Header image credit: a humpback breaches (c) fernando reyes
We spoke to Turing Lecturer and nature filmmaker Tom Mustill about his encounter with a whale in California, how AI can help us speak to whales and what developments in AI and animal communication he’s most excited about.
Tell us about your close encounter with a whale?
In 2015 I was kayaking with my friend in Monterey Bay, California, when a humpback whale the size of three T-Rexes leapt out of the ocean and landed on us. A nearby tourist captured the moment by chance. We nearly died, and scientists who analysed the video told us we only survived because the whale saw us and turned to avoid us at the last minute.
How did that make you interested in whale communication?
As a result of this encounter I learnt about how artificial intelligence (AI) is being used to decode patterns in animals. Researchers were able to use AI to identify the whale - I now know how old he is, who his mother is and where he was born. I can follow his life every time another tourist takes a photo of him and the AI tool HappyWhale WhaleID identifies him.
As a biologist who has spent a lot of time squinting at rare birds in forests or at pilot whale fins in the sea trying to identify them, this was a revelation to me. I then learnt that other AI tools are being used to find patterns in animal communications, with big expeditions currently working to decode whale speak. I became fascinated by this.
How does AI relate to whale communication?
A perhaps unsurprising problem with learning to speak whale is that we are humans! The sea is dangerous and vast and we are badly adapted to listen to their wild lives. Now recording robots, and other devices, can go there for us and listen to their communications without disturbing them. This includes the young ones learning to talk. We can now see the context of how they talk, what is happening, which whales are speaking, and can start to discover patterns that give clues as to whether they have rules in their ‘speech’, like those of our language.
Another problem humans have with looking for other kinds of language is that we are trapped in our own ways of thinking - we might not be able to see other kinds of language because we can only try to find patterns similar to our own language. This is where AI comes in. It can see patterns we miss and do things that we cannot on vastly bigger scales.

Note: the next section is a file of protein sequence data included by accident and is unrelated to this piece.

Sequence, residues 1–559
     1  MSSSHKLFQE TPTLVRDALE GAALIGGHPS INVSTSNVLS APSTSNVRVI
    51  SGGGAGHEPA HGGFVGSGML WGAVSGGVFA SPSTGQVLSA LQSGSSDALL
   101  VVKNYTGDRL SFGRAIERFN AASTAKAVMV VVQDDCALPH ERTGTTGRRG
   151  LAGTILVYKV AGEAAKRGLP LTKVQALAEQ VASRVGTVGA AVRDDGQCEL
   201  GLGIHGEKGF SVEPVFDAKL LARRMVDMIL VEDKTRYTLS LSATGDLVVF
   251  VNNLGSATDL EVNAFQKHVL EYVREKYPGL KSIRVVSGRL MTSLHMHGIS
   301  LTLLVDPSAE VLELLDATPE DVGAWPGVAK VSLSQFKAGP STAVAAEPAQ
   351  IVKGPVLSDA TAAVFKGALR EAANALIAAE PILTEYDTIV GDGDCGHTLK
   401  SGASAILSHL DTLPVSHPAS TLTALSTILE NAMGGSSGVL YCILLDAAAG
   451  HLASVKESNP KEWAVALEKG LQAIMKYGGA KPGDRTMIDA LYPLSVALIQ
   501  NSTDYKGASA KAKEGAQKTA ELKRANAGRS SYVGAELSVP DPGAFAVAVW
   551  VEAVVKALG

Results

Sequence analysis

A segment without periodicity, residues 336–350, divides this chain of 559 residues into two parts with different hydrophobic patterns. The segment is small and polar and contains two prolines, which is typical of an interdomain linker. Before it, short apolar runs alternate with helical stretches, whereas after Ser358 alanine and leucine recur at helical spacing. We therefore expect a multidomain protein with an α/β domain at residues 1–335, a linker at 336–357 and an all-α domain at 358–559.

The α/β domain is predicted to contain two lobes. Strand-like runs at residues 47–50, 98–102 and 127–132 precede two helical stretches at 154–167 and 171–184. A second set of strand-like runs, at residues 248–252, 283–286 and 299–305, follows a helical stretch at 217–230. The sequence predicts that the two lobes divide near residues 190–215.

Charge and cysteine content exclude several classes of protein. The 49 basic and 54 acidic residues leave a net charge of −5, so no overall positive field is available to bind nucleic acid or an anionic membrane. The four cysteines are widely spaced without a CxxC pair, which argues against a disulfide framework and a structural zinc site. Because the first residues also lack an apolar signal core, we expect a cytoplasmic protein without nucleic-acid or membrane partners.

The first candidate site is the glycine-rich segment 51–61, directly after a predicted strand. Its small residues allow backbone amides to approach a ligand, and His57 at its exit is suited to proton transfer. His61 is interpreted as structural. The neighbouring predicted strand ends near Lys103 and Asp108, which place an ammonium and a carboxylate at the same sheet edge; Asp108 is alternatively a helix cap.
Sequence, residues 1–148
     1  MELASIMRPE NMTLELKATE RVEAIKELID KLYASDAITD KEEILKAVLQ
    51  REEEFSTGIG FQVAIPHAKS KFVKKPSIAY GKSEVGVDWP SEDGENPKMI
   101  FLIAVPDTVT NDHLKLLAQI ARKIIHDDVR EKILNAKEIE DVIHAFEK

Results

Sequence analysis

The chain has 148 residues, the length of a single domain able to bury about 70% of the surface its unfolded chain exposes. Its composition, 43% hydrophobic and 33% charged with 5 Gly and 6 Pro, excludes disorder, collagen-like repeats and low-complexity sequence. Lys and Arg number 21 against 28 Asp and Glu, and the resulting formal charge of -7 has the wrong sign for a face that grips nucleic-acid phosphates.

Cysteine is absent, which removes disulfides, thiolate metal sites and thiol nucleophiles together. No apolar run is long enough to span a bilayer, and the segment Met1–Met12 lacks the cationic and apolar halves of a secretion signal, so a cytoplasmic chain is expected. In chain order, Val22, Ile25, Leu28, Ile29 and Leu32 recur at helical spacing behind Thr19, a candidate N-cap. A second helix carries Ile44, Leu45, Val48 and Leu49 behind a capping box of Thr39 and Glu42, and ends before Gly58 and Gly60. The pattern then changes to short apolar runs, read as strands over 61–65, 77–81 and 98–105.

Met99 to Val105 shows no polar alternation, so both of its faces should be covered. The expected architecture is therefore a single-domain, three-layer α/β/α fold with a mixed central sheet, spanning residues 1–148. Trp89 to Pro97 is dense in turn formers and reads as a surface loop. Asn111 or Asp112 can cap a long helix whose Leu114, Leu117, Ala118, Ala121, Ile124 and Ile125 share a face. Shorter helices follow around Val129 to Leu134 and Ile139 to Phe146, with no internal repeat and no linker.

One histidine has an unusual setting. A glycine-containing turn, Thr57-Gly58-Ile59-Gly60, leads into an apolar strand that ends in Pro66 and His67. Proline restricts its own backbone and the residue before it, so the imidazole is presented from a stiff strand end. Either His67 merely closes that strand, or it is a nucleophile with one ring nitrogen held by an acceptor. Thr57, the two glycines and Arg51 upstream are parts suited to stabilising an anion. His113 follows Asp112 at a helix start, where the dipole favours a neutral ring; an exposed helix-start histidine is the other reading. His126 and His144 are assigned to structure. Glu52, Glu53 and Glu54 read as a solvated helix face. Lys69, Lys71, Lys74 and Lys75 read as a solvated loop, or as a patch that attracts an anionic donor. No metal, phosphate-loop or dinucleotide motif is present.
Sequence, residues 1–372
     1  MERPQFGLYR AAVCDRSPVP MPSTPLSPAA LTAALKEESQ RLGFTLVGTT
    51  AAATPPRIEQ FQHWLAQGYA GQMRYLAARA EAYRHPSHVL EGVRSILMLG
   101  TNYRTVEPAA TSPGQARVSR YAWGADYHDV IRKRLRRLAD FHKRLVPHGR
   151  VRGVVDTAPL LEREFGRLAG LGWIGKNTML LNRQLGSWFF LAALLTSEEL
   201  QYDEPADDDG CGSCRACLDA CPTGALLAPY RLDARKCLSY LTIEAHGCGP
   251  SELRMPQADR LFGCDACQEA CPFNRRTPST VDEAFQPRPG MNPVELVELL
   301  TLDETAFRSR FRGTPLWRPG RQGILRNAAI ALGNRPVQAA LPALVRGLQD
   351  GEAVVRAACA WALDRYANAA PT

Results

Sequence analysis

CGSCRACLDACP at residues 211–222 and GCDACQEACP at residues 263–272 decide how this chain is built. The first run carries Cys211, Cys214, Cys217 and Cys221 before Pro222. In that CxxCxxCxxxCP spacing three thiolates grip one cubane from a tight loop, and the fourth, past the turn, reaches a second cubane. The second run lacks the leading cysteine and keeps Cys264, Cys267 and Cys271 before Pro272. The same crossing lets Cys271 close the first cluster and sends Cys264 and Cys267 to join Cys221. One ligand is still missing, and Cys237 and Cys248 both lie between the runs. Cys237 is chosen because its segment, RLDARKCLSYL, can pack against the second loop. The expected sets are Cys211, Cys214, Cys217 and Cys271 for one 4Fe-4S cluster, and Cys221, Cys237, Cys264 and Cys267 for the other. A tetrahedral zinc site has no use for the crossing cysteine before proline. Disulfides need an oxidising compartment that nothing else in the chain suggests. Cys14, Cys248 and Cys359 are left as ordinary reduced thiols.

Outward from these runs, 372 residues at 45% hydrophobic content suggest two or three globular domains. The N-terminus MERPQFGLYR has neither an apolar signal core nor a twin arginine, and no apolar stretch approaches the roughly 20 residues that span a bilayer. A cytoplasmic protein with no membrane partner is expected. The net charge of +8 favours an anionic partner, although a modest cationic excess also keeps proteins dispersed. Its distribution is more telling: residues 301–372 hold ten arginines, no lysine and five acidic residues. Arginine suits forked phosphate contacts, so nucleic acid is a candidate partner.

Can AI help us talk to animals?
This is what is really exciting. Current expeditions are hoping to record huge samples of wild whale communications - machine learning and other AI analysis can then help us find patterns in these recordings that we cannot perceive. This has already been demonstrated in human languages, where AI has discovered patterns that humans are unable to detect in large datasets of written or spoken language, and translate between them in a totally different way than human translators - this is how Google Translate works.
What’s the most surprising thing you learnt when you were researching your book?
That there are fish that live in the anus of sea cucumbers! Also that orcas have teamed up with humans to go hunting in Australia, and other orcas had a craze for wearing salmon hats.
What developments in AI and animal communication are you most excited about?
An exciting development is that these tools are becoming more general purpose and available to the public. Anyone can already use AI on their phones to identify birds by their song, and plants from photographs . I don't think it is far-fetched to think that soon we will be able to take a picture of something in nature, like a bird in a tree, and then find out information such as what species the animal is, who the individual is, what tree they are sitting on, what rock that tree is growing on, how old the animal is and perhaps even what they are chirping.
I think if quantum computing takes off, this will be huge. If biology is the study of finding patterns in nature, then making pattern-finding tools vastly more effective and powerful will reveal new patterns in nature.
If people take away one thing from your talk, what do you hope it is?
Hope and wonder. I also hope people will learn that there are still many things we don't understand about how animals communicate, that technology is not always bad for nature and that some of these tools can help us heal our broken relationship with other living creatures.
Tom Mustill’s Turing Lecture ‘How to Speak Whale’ takes place on Tuesday 14 February at 14:00 – it’s the first Turing Lecture aimed at children.